Confession, Contrition, and the Catechism

North Texas Catholic
(Jan 30, 2024) Faith-Inspiration

A young woman attends confession at St. Peter Church in Lindsay. (Photo illustration/Juan Guajardo)

As Lent approaches, two thoughts occupy the minds of Catholics: “What am I giving up for Lent?” and “When am I going to confession?” The first question is, undoubtedly, important. However, we will forgo discussion of Lenten sacrifices and concentrate upon the sacrament of penance as taught in the Catechism of the Catholic Church.

While Lent is not the only time we should go to confession, it is a prime occasion for repentance and the forgiveness of sins through the sacrament. In the Gospel of St. John, we read where our Blessed Lord instructs his disciples: “‘As the Father has sent me, even so I send you.’ And when He had said this, He breathed on them, and said to them, ‘Receive the Holy Spirit. If you forgive the sins of any, they are forgiven; if you retain the sins of any, they are retained” (20:21-23). It is important to note the connection our Lord makes between His mission and that of His apostles, for there is a continuation and extension of redemptive purpose.
In short, what is accomplished on the cross by our Lord is applied to us through the Church in the sacraments. Specifically, what is communicated through the sacraments is grace: the “free and undeserved help that God gives us to respond to his call to become…partakers of divine nature and of eternal life” (CCC 1996). The first administration of this sacramental grace is the one baptism offered “for the forgiveness of sins” (Nicene Creed). Unfortunately, this new life we receive in baptism “has not abolished the frailty and weakness of human nature, nor the inclination to sin that tradition calls concupiscence” (CCC 1426). As such, even when we are born again by “water and the Spirit” (John 3:5), we struggle with this tendency to sin and fall from the grace received in holy baptism.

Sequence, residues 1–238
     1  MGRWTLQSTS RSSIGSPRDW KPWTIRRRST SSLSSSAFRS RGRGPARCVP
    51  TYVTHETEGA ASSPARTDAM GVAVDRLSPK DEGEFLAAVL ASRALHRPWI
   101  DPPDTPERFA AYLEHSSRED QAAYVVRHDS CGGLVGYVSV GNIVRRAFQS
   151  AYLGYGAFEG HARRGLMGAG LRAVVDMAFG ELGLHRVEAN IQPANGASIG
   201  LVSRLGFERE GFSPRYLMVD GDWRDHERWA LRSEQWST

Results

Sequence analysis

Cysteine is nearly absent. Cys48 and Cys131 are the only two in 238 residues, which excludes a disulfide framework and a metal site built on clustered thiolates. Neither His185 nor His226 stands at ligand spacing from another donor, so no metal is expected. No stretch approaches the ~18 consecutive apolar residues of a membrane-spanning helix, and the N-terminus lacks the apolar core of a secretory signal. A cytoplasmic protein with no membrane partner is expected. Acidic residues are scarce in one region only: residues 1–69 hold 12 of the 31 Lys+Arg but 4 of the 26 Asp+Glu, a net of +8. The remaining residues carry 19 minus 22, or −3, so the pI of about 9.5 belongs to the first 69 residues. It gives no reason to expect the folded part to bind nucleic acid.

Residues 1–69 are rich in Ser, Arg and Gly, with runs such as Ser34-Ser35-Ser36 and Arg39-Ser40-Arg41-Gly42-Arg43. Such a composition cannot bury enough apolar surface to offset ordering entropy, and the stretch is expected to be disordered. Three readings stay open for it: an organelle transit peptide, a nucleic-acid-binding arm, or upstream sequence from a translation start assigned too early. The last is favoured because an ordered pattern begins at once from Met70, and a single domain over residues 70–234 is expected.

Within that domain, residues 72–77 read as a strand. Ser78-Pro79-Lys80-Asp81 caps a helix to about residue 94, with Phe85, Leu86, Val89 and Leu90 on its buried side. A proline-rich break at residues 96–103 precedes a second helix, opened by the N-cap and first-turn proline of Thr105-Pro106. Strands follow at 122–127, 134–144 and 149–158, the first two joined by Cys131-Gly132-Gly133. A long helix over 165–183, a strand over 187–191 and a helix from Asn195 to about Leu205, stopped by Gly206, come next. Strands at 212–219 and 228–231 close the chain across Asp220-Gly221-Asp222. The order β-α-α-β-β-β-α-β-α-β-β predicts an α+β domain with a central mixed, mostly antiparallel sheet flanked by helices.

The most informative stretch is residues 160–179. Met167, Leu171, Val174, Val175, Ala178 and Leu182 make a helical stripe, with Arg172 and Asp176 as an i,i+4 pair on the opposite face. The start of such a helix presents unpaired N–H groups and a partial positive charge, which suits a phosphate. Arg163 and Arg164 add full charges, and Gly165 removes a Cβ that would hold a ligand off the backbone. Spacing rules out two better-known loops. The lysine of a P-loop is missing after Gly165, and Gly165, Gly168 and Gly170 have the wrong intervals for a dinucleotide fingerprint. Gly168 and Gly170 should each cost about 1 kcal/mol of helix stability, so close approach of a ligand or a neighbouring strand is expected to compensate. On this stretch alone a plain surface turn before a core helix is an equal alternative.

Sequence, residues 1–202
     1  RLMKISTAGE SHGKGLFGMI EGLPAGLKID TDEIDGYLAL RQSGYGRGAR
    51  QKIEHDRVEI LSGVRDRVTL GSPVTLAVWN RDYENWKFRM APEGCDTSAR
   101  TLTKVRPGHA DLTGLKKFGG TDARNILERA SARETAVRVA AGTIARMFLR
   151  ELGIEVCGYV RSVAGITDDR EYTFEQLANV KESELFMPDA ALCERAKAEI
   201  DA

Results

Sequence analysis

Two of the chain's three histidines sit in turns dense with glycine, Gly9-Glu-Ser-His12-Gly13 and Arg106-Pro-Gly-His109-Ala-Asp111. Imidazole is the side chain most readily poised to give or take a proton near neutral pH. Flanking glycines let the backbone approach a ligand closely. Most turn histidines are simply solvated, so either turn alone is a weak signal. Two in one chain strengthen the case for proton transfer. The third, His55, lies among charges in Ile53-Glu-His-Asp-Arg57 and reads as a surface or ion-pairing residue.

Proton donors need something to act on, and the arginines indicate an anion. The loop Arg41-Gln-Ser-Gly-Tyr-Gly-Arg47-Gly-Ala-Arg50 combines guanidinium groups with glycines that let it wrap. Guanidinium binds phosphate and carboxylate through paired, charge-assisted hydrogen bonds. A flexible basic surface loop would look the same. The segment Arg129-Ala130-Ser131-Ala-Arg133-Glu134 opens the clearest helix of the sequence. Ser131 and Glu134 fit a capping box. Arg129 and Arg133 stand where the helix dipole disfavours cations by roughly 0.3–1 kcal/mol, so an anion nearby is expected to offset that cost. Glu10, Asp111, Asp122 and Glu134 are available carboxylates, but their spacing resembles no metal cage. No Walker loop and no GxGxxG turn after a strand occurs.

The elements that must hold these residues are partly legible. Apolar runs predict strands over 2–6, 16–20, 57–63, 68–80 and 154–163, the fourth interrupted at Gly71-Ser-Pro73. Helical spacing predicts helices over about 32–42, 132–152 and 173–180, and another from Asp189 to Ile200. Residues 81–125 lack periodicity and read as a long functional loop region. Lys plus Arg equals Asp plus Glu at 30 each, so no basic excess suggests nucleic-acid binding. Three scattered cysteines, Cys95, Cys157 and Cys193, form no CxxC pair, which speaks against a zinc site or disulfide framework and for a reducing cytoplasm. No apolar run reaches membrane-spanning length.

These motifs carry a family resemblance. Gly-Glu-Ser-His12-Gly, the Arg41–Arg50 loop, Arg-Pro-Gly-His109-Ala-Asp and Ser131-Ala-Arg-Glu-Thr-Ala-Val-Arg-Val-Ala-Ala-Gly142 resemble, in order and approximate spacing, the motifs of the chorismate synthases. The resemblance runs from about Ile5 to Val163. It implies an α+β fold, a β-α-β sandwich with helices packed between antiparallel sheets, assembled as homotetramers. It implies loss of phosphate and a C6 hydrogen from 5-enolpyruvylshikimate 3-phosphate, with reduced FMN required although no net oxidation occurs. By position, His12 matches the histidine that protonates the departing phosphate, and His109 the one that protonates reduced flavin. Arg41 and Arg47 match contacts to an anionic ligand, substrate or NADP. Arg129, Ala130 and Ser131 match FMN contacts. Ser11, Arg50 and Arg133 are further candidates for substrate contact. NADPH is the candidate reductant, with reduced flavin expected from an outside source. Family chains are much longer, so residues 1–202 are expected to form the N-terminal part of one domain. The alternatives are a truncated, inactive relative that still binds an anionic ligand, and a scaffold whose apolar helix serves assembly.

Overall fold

This is where confession becomes paramount, for we require a new infusion of God’s grace into our souls to restore us to supernatural life. This is why the Catechism, quoting the Council of Trent, insists on the necessity of the sacrament of penance for salvation: “This sacrament of penance is necessary for salvation for those who have fallen after baptism, just as baptism is necessary for salvation for those who have not yet been reborn” (CCC 980).
For this grace of confession to be effective, one must possess contrition. At its core, contrition is an interior repentance, possessing affliction of spirit and a radical reorientation of one’s whole life motivated by the horror of sin and fear of offending God (CCC 1431-1432). This detestation of sin must manifest itself in a firm purpose of amendment (CCC 1451) to “recover the grace of justification” (CCC 1446). Ideally, the motivation for contrition is “perfect” (CCC 1452) rather than “imperfect” (CCC 1453).
The Act of Contrition gives a concrete distinction between “perfect” and “imperfect” contrition as well as a proper indication of resolution: “O my God! I am heartily sorry for having offended Thee, and I detest all my sins because I dread the loss of heaven and the pains of hell,” [imperfect] “but most of all because they offend Thee, my God, who art all-good and deserving of all my love” [perfect]. “I firmly resolve, with the help of Thy grace, to confess my sins, to do penance, and to amend my life” [firm purpose of amendment]. 
When one approaches a confessor with such a mindset after examining one’s conscience (CCC 1454), presenting to him all sins for which you are conscious (CCC 1456, 1458) while afterward making satisfaction through acts of penance (CCC 1459), one is restored to God’s grace and friendship as a result of one’s “spiritual resurrection” (CCC 1468) and is re-established “in the communion of saints” through reconciliation with the Church (CCC 1469).
May we all approach the confessional with pure hearts this Lent and happily receive the forgiveness offered.
Lent, Catholics, Catechism, confession, what to give up for lent, trending-english